Loaded debate around lethally-armed drones increases as Connecticut takes a monumental step toward their legal use by police.
House Bill 7260 made its way through the Judiciary Committee in Connecticut extremely quickly. The bill legalizes the use of lethally-armed drones by trained law enforcement officials. If it makes its was through the House of Representatives, and is signed off by Democratic Sen. Dannel Malloy, Connecticut will be the first state to allow for such technology to be used by law enforcement, ABC News reports.
The opposition should bite the bullet on this topic. Many of their concerns regarding the use of excessive force would actually be benefits stemming from the use of such weaponry.
According to a study published in the "Journal of Technology: Law & Policy," by removing officers from the scene, the numerous factors that result in impulsive and undeniably excessive force are limited.
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"Research has shown that geographic area, the events leading up to the arrest, and the suspect’s demeanor are factors that lead an officer to perceive a situation or suspect as dangerous. These factors elicit certain psychological responses, including stress and anxiety that affect that amount of force an officer uses."
By removing a cop from a situation that can be -- and often is -- misinterpreted as dangerous, responses to crime can be more levelheaded and predictable, leaving members of at-risk communities in better hands.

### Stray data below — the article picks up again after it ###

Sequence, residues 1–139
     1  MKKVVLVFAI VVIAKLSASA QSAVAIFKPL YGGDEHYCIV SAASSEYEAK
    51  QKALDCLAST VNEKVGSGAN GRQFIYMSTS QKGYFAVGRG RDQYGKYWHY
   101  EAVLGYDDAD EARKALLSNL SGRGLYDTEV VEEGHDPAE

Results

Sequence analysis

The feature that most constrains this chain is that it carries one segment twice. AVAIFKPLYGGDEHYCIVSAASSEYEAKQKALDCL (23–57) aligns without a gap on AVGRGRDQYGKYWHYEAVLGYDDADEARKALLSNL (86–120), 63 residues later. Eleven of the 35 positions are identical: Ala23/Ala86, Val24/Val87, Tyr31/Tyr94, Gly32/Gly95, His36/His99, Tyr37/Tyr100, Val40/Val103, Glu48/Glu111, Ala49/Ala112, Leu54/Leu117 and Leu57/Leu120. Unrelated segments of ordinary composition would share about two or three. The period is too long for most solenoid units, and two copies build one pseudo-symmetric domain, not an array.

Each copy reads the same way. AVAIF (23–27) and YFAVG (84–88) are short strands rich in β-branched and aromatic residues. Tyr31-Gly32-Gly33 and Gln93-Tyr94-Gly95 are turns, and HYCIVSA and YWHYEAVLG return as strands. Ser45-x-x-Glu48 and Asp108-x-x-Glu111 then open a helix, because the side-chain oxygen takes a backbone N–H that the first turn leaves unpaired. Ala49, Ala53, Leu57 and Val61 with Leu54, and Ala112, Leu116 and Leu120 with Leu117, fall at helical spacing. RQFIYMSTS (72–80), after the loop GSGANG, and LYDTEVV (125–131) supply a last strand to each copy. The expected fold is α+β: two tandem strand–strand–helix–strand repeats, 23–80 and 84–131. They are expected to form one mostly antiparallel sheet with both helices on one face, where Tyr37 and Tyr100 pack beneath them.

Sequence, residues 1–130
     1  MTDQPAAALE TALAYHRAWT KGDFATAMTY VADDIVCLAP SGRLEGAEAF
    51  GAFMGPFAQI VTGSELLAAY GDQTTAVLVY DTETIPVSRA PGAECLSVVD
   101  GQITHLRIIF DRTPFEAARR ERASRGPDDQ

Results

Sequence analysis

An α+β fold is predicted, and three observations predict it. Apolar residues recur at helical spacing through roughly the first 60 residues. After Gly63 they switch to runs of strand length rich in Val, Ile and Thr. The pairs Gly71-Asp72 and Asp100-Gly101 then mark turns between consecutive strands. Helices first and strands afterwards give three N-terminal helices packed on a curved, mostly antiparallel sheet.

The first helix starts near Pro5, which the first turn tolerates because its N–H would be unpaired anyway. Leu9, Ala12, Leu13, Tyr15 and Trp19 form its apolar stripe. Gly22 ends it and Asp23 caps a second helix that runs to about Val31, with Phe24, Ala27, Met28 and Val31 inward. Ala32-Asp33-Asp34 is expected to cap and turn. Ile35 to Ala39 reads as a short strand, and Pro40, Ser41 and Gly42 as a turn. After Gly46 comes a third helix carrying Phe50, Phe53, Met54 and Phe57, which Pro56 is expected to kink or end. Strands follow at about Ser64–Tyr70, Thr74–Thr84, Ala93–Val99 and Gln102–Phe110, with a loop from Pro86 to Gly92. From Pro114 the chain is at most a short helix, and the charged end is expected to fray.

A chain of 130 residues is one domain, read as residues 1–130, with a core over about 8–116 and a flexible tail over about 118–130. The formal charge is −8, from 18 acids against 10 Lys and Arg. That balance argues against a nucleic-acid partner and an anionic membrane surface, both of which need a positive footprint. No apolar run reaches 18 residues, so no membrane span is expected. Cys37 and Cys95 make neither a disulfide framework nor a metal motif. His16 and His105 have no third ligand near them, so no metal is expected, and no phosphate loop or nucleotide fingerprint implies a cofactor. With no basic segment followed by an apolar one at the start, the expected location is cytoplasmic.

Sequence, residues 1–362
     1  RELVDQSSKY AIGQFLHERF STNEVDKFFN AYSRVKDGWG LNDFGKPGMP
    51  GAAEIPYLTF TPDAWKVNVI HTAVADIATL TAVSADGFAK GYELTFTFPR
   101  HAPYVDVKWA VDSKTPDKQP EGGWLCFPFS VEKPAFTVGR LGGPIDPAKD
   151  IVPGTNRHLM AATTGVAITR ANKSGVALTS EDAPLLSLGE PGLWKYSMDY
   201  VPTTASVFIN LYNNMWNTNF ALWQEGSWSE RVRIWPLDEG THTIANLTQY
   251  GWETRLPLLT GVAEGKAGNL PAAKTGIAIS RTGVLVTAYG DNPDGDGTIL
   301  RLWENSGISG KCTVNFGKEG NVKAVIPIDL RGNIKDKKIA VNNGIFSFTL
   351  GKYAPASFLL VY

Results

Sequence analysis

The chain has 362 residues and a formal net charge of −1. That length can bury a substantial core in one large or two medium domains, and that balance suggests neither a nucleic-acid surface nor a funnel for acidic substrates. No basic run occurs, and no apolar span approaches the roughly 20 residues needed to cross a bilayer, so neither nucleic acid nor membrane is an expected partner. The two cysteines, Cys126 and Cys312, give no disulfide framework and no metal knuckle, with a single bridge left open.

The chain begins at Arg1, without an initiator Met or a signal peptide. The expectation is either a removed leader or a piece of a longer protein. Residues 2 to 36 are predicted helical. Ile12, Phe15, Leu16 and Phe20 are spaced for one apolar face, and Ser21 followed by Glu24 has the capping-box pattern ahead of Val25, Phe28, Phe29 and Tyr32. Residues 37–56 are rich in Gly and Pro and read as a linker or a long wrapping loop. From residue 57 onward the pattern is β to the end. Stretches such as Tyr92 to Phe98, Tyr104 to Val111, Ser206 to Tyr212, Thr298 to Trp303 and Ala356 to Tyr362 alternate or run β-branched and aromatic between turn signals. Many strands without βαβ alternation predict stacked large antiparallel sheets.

According to ABC News, Republican State Sen. John Kissel, who is also co-chairman of Connecticut's Judiciary Committee, has discussed some of the limited circumstances in which such force would be used.
"We can certainly envision some incident on some campus or someplace where someone is a rogue shooter or someone was kidnapped and you try to blow out a tire."
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The topic of lethally armed drones found its way onto Connecticut policymakers' agendas after Austin Haughwout, 18, armed his drone with a handgun and posted videos of it being used online, THe Huffington Post reported.
Police concluded that Haughwout was following the rules and doing nothing illegal.
Clinton Police Chief Todd Lawrie said, “It would seem to the average person, there should be something prohibiting a person from attaching a weapon to a drone.”
Policy makers took need for restrictions into consideration and HB 7260 aims to address such concerns.
As of now, North Dakota is the only state that allows police use of weaponized drones, but limits such drones to "less lethal" weapons such as stun guns, rubber bullets and tear gas, ABC News reports.
Connecticut is on its way to being one step ahead.